Support for witnesses in Senate trial at 75 percent: poll

Support for witnesses in Senate trial at 75 percent: poll
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A large majority of voters say the Senate should allow witnesses to testify during President TrumpDonald John TrumpTrump passes Pence a dangerous buck Overnight Health Care — Presented by American Health Care Association — Trump taps Pence to lead coronavirus response | Trump accuses Pelosi of trying to create panic | CDC confirms case of 'unknown' origin | Schumer wants .5 billion in emergency funds Trump nods at reputation as germaphobe during coronavirus briefing: 'I try to bail out as much as possible' after sneezes MORE's impeachment trial, according to a poll from Quinnipiac University.

Of those surveyed, 75 percent said they think that witnesses should be allowed to testify in the trial. Along party lines, 49 percent of respondents who identified as Republicans said that they thought there should be witness testimony while 95 percent of Democrats and 75 percent of independents said the same.

The growing call for witnesses from Democrats has hit a fever pitch following a New York Times report on former national security adviser John BoltonJohn BoltonOvernight Health Care — Presented by American Health Care Association — Trump taps Pence to lead coronavirus response | Trump accuses Pelosi of trying to create panic | CDC confirms case of 'unknown' origin | Schumer wants .5 billion in emergency funds Bolton's lost leverage Azar downplays chance Trump will appoint coronavirus czar MORE's book manuscript in which he says the president told him not to release military aid to Ukraine unless Kyiv investigated his political rivals.

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After the bombshell report, some GOP senators seemed to waver on whether to call witnesses and has seemed to thwart Senate Majority Leader Mitch McConnellAddison (Mitch) Mitchell McConnellOvernight Health Care — Presented by American Health Care Association — Trump taps Pence to lead coronavirus response | Trump accuses Pelosi of trying to create panic | CDC confirms case of 'unknown' origin | Schumer wants .5 billion in emergency funds Push for national popular vote movement gets boost from conservatives To avoid November catastrophe, Democrats have to KO Sanders MORE's (R-Ky.) plan to keep the impeachment trial short.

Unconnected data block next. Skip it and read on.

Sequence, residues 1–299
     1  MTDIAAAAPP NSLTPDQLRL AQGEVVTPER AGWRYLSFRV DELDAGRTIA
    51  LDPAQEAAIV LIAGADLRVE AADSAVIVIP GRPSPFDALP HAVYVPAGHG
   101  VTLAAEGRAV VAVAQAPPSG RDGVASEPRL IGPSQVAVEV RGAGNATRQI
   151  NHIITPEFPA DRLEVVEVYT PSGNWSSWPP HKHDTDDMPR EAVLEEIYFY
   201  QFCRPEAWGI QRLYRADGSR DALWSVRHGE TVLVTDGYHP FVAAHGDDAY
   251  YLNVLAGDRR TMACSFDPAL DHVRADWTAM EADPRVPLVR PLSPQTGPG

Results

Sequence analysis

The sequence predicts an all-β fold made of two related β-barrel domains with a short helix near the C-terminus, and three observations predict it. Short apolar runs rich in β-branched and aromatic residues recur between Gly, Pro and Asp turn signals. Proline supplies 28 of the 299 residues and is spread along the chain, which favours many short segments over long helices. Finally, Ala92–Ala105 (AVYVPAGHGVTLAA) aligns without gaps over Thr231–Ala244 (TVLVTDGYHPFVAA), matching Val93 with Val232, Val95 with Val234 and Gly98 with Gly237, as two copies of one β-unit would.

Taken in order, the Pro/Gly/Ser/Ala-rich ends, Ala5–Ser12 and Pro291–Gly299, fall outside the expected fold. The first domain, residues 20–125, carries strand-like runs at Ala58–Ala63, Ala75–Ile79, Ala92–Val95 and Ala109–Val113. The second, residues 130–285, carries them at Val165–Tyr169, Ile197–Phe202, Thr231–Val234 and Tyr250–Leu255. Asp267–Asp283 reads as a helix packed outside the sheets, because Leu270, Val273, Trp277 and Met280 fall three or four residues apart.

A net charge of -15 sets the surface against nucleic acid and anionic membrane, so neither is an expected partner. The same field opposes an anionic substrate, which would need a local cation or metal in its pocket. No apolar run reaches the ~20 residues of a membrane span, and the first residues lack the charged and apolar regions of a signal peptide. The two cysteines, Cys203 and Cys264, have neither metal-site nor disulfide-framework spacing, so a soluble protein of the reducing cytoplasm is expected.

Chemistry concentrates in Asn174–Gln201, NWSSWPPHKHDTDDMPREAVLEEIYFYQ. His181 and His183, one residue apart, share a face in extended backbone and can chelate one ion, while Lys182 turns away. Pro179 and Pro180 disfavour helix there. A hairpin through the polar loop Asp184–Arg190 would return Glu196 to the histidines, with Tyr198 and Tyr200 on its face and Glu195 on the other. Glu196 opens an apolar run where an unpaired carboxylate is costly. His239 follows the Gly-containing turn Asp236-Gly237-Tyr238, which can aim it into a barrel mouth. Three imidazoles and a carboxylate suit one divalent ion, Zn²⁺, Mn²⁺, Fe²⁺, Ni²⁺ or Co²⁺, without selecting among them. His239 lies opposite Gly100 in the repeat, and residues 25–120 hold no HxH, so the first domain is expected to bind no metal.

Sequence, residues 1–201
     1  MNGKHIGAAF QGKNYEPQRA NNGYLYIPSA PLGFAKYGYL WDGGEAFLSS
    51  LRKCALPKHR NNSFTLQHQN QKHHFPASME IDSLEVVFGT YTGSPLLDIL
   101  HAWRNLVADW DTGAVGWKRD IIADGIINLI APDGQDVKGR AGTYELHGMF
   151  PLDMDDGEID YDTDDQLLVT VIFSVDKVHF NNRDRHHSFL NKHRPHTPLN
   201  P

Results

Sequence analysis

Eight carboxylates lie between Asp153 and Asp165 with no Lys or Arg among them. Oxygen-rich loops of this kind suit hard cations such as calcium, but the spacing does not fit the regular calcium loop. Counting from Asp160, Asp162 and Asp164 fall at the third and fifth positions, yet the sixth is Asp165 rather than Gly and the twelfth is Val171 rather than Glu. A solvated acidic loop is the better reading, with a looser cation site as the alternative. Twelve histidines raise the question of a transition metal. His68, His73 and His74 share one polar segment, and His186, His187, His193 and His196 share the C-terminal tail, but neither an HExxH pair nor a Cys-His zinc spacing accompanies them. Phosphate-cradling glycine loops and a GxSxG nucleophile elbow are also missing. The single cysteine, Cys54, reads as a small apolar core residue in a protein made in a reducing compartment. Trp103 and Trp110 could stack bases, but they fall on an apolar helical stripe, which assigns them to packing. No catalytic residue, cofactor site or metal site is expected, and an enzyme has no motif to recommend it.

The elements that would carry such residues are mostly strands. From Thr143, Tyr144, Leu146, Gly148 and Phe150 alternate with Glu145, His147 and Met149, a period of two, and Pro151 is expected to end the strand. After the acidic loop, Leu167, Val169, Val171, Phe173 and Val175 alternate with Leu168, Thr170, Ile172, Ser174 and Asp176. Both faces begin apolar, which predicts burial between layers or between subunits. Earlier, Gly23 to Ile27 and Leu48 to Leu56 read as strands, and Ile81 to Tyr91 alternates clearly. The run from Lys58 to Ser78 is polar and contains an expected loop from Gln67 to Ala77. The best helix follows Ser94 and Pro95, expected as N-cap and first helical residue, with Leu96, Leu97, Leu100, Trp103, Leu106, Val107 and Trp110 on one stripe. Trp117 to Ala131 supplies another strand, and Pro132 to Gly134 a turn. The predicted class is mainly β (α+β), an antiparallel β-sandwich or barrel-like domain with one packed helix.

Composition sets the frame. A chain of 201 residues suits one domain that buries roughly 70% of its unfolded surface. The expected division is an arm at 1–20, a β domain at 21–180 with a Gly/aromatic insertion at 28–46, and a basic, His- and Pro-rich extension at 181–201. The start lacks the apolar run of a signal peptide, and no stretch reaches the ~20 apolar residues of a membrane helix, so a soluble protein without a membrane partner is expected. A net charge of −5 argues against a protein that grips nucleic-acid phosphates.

The impeachment proceedings against Trump are now two weeks in, and some GOP senators such as Sens. Mitt RomneyWillard (Mitt) Mitt RomneyOrange County declaring local health emergency in response to coronavirus Why Bernie Sanders won the debate Lawmakers raise alarms over Trump coronavirus response MORE (Utah) and Susan CollinsSusan Margaret CollinsThe Hill's Morning Report - Sanders takes incoming during intense SC debate Overnight Health Care — Presented by American Health Care Association — Lawmakers raise alarms over Trump coronavirus response | Top official warns virus appears inevitable in US | Democrats block two Senate abortion bills Democrats block two Senate abortion bills MORE (Maine) seem to be warming to the idea of having Bolton testify.

"There may be heated debate among lawmakers about whether witnesses should testify at the impeachment trial of President Trump, but it's a different story outside the Beltway," Quinnipiac University Poll analyst Mary Snow said. "Three-quarters of American voters say witnesses should be allowed to testify, and that includes nearly half of Republican voters."

Despite the overwhelming call for witness testimony, those surveyed remained narrowly divided on the question of whether the Senate should remove Trump from office, with 48 percent saying they should not, and 47 percent say they should.

This was unsurprisingly split heavily along party lines, with 2 percent of Republicans saying the president should be removed and 92 percent of Democrats saying the same. Of those who identified as independents, 44 percent said they thought the president should be removed from office.

Of those surveyed who said they have an opinion on if Trump should be removed, 89 percent said they are firm in their choice — while 10 percent said they could possibly be swayed to change their mind, according to the poll.